More misery for landlords

Stuff?reports that the government has a whole new raft of proposals for rental properties that are just going to make life harder for landlords. As if the lot of the average landlord is not hard enough.

I think it is important here to acknowledge that landlords in popular and expensive places such as Auckland, Tauranga, Wellington and Queenstown are probably going to be fine with it all. Yes, the improvements will cost them, and improvements such as insulation are not always tax deductible, but chances are, in these areas, landlords will be able to recover the cost in additional rents. But this is not true for landlords in areas where rentals are cheaper, and this must be becoming a real problem by now.

But anyway. quote:

Rental properties will have to be warmer and more weather tight under proposed minimum standards.

Housing and Urban Development Minister Phil Twyford revealed the proposed standards?in Wellington on Tuesday, saying they were designed to eradicate the tens of thousands of health complaints resulting every winter from “damp, cold and mouldy” rental homes. end quote.

Honestly, I thought we had already dealt with this. A minimum standard of insulation is required from July next year, which is intended to solve the problem of? ‘damp, cold and mouldy’ rental homes. At some point though, the person living in the house has to take some responsibility for the damp, cold and mould, surely?

Not if this government has its way. quote:

The proposed regulations, which will be open for public consultation until October 22, set minimum requirements for heating, insulation, ventilation, draught stopping, and moisture and drainage.

Twyford said the new regulations aimed to redress the imbalance between landlords and renters, which often resulted in renters being reluctant to raise housing issues with landlords. end quote.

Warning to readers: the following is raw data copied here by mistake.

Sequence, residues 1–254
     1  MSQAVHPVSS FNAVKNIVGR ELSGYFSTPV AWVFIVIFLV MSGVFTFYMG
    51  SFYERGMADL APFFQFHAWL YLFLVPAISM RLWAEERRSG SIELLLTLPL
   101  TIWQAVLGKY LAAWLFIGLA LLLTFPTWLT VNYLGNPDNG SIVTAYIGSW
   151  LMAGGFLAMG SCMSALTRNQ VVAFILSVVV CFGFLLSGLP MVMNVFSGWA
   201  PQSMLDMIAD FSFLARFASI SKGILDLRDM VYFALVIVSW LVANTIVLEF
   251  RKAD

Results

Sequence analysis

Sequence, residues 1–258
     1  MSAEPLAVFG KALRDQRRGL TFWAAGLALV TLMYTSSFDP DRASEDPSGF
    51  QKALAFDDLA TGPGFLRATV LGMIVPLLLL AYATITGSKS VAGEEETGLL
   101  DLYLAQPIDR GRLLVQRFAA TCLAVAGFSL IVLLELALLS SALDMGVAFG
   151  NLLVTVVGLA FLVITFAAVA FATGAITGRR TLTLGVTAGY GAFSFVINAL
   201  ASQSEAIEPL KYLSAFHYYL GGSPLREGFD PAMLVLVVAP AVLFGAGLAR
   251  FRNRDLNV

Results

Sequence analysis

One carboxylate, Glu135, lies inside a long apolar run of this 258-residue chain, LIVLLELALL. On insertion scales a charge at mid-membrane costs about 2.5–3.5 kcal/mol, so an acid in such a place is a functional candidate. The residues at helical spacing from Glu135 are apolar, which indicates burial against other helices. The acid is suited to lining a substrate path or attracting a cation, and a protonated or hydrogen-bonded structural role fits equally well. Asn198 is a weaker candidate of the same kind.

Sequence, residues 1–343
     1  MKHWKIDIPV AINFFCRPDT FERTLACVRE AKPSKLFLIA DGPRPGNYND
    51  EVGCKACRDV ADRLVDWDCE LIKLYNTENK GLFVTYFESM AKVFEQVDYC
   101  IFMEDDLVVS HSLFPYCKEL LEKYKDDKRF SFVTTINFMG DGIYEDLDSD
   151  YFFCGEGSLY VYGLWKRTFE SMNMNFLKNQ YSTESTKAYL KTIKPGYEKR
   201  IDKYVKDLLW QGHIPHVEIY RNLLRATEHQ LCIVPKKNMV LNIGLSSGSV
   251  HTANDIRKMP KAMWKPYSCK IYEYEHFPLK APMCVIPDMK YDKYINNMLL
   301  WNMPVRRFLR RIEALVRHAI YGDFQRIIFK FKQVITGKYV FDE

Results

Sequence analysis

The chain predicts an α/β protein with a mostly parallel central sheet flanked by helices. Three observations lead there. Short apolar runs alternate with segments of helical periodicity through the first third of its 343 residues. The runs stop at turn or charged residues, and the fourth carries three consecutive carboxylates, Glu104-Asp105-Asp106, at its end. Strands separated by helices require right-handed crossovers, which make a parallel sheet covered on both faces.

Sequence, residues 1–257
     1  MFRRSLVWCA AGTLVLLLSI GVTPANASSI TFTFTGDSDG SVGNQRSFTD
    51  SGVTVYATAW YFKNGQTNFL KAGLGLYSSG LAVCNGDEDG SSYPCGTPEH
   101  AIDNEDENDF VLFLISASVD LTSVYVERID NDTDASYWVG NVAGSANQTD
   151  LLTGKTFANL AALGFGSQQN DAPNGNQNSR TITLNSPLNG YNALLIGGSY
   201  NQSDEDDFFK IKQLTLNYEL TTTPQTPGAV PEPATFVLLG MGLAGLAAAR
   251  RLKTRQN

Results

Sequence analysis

I guess it depends on where you live, but many tenants do not wish to raise issues with landlords because it may well result in a rent increase. Then again, it could be that some of these issues could be dealt with by the tenant themselves. Like ventilation, cleaning away mould and providing their own heaters. But no. quote:

The proposals come on the back of the Government’s Healthy Homes Guarantee Act passed in December.

They will require all landlords to bring their rental properties up to the new health standards, except where those improvements are not practical.

Landlords who did not comply with the new standards could face a $4000 fine issued by the Tenancy Tribunal. end quote.

Yes, and if it is the same as the fine for not having the required level of insulation, which applies from July next year, the $4000 fine will be paid over to the tenant.?So the tenant has no good reason not to dob in their landlord. None whatsoever.

And it gets worse.?RNZ?reports that the Greens want a system of compulsory warrants of fitness on rental properties. quote:

Green Party co-leader Marama Davidson says landlords should be required by law to ensure the homes they rent are fit to live in.

Under a proposed warrant of fitness scheme, rentals would have to be approved by independent inspectors to ensure they were warm, dry, and healthy.

Ms Davidson said that if a home did not meet basic health standards, it ought not to have been rented.

“There should be no home for rent in New Zealand that is not up to standard,” she said.

“So making sure it is warm, dry, ventilated … and making sure it can be easily heated.”

That included having a minimum warmth rating of 18 degrees Celsius, Ms Davidson said.

Homes would also have to be fully plumbed, and be equipped with “basic facilities”.

Ms Davidson said that while most landlords understood these necessities needed to be met, some just did not care.

“Those landlords that are actually exploiting people for rent and renting out unsafe and unfit homes … there needs to be standards and there needs to be an enforcement of bringing those homes up to scratch,” she said.